Sarah Goff, Safeguarding and Young People Manager for the Ann Craft Trust, reflects on findings from the Independent Inquiry into Child Sexual Abuse.
The Ann Craft Trust welcomes the report of the work carried out by the Independent Inquiry into Child Sexual Abuse. At its heart, are the voices of survivors who have described their experiences and been heard through the Truth Project. We deeply thank them for this and now it is time for us all to listen.
There are no bystanders, we all need to respond.
Our role as practitioners, family members and the public is to reflect hard on our cultures, tackle dismissive and blaming language, to listen to what children’s behaviour is telling us. We need to ask, not jump to conclusions and raise awareness everywhere we have influence.
We need to build safer open cultures and reduce any space behind closed doors, in our organisations and online, that allows those seeking to groom and isolate children to gain ground. We are all responsible for keeping children safe. The report highlights some of those at greatest risk. We need to tackle bullying, racism and the lack of understanding of disability and learning needs which increases space for perpetrators.
Training can help us reflect on how each person and organisation can do their bit. This report covers faith groups, schools, local authorities, residential homes, political and custodial institutions. We must address the power dynamics that create space where children’s lives are damaged and no-one speaks out. No more saying ‘tell me if you are worried, frightened or scared’, we need to ask, observe and show we care.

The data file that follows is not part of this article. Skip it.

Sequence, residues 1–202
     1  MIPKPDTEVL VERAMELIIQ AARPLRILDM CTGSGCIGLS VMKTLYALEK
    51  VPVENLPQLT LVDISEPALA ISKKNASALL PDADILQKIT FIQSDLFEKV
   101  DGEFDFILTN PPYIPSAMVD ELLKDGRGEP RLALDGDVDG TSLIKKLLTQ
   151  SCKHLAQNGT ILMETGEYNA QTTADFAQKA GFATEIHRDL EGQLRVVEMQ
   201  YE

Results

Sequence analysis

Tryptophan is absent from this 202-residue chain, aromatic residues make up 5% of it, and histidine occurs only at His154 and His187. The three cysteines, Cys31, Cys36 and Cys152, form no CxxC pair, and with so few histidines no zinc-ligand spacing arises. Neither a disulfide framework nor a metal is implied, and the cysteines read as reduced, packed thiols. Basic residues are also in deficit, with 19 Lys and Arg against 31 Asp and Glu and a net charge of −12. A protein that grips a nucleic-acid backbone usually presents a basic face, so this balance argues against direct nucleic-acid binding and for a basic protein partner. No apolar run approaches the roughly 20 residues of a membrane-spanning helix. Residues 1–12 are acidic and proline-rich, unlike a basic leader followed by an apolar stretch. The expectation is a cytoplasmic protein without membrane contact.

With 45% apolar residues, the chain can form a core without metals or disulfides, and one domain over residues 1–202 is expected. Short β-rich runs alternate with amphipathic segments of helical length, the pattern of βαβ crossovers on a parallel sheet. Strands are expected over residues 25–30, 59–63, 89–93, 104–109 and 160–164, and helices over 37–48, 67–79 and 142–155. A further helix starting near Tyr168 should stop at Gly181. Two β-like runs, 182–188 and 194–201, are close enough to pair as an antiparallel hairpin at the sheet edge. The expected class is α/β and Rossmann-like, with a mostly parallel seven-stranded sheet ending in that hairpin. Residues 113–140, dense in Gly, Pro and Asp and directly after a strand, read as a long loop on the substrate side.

At the Ann Craft Trust, one area of focus is on the needs of disabled young people. The report highlights that disabled young people are three times more likely to experience sexual abuse. Their needs in residential settings, with regard to organised sexual abuse and online harm, are at the heart of the work we do. We use the findings from our training and audits to inform and advise managers and practitioners.
The Ann Craft Trust will continue to disseminate the learning from this report, as we have done throughout the work of the inquiry with previous IICSA reports. We shall make it central to our training and policy development with practitioners.
The voices and experiences featured in this report need to be shared and heard.